Review: Demon Skin

13 Apr 2021

Discovering a new game can be such a gamble sometimes. Sure, you have tags and store page descriptions, but every publisher is putting their best foot forward and emphasizing their strengths while downplaying their weaknesses, stretching the truth just a little bit.

Or on occasion, stretching it a lot.

Today we’re looking at Demon Skin, developed by Ludus Future and out now for PC on Steam, with releases on PS4, Xbox One, and Switch coming later this year.

Fight the Darkness for the Artifact

In Demon Skin you play as one of the Order of Wanderers, people with superhuman divine strength that fend off the darkness. Witnessing a dark ritual being performed, you attempt to stop it only to get hit by a strange bolt and wind up turned into a demon. With only fragments of your memory intact, you embark on a quest to find the ancient artifact that will restore your form and mind, and save the world.

The premise is solid enough, but it really lacks in the presentation. For starters, there’s some poor translation, and the voice actors don’t sound like native speakers. The writing itself is often vague on details, and what little information we get is usually brought up with little context and then never expanded upon. This makes the plot twists that occur all the more frustrating as they either come out of nowhere with a flimsy justification or there’s no reason given for why this change should matter.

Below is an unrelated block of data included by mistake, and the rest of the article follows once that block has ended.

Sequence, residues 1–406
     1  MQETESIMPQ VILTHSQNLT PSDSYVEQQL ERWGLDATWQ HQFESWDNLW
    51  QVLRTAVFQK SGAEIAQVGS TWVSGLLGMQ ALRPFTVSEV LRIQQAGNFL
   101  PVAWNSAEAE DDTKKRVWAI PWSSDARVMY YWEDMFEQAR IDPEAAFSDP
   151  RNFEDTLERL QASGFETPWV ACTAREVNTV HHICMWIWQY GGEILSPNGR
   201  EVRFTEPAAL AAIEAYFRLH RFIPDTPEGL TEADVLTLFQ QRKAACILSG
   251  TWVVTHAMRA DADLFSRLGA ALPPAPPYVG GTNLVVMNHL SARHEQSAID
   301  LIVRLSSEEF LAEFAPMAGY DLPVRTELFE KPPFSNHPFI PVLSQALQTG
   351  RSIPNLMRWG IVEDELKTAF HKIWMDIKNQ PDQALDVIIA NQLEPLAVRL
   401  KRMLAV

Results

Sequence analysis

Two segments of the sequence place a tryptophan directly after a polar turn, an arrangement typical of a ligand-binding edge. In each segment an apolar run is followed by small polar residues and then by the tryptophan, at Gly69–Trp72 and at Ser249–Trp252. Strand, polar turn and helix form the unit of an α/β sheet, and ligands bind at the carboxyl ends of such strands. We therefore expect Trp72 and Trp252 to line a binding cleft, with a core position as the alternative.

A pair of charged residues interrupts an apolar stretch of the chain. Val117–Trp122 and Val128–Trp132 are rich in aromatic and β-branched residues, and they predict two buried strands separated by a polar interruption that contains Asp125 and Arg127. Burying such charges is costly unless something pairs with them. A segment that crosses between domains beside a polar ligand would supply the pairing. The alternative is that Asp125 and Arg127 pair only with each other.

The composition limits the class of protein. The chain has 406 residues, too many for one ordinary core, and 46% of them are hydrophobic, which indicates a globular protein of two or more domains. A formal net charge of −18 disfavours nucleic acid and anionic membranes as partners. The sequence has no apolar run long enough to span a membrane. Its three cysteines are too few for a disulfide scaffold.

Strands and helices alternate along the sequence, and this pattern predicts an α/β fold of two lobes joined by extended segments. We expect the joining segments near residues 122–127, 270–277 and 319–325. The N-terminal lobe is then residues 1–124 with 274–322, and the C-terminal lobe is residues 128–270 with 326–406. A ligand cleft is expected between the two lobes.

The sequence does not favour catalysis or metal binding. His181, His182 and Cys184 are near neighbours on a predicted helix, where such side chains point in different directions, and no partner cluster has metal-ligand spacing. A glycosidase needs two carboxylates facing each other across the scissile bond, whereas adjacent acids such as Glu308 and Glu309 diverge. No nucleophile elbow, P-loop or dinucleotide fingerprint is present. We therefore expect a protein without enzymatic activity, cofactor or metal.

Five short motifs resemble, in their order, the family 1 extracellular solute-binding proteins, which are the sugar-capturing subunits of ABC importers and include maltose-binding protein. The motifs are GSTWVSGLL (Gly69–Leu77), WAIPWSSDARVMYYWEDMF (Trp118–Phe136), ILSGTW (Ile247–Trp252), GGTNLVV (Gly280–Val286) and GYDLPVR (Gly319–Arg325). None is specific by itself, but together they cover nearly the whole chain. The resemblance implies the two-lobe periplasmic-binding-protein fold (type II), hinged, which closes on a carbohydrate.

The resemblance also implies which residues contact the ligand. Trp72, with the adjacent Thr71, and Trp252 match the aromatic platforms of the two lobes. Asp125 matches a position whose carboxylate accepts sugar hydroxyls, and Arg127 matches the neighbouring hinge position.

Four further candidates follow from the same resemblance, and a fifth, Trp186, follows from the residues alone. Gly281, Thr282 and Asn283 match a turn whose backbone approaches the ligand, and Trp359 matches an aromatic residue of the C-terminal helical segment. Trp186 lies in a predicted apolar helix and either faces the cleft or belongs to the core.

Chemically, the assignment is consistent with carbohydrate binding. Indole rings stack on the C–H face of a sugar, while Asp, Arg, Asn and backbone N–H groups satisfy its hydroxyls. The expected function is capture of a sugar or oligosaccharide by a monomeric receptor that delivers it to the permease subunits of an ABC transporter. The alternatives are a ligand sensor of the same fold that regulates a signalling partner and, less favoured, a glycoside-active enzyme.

The ending sets things up for a sequel, but I can’t help but feel that if they wanted us to be excited for where the story would go from here, a LOT more effort should have been put into making us care about the story.

All Talk, No Game

The Steam store page for Demon Skin and the developer’s own website talk a big game, referring to the game as a brutal hack & slash in the same vein as Dark Souls. They say players can come up with their own unique tactics by combining stances and weapon choices, and promise an extensive skill tree. They promise a lot of things, but how do they deliver?

Ok, so first off, the Souls comparison. I’m starting to get suspicious whenever an indie game says this, because most of the time there’s little to no similarity and it just feels like a dishonest attempt to grab fans of the series, while the games that do feel similar often try to distinguish themselves on their own merit. For what it’s worth, Demon Skin has health and stamina and has a fantasy setting. The comparison ends about there.

It does attempt to do its own thing with the stances, and I’ll give them that. Essentially it boils down to a high, middle, and low block, where if you match what the opponent is doing and aren’t in the middle of an attack you’ll take no damage. Even this has its flaws, however. Attacking has three buttons for each of the stances, and your stance automatically shifts to the last attack you performed, but shifting outside of attacks for defense has you going up or down one stage at a time. This makes sitting in any stance outside of middle stance a poor choice, and makes the system boil down to “press up for high attacks, down for low, do nothing for middle, and choose any attack that doesn’t hit where the enemy has a white line.”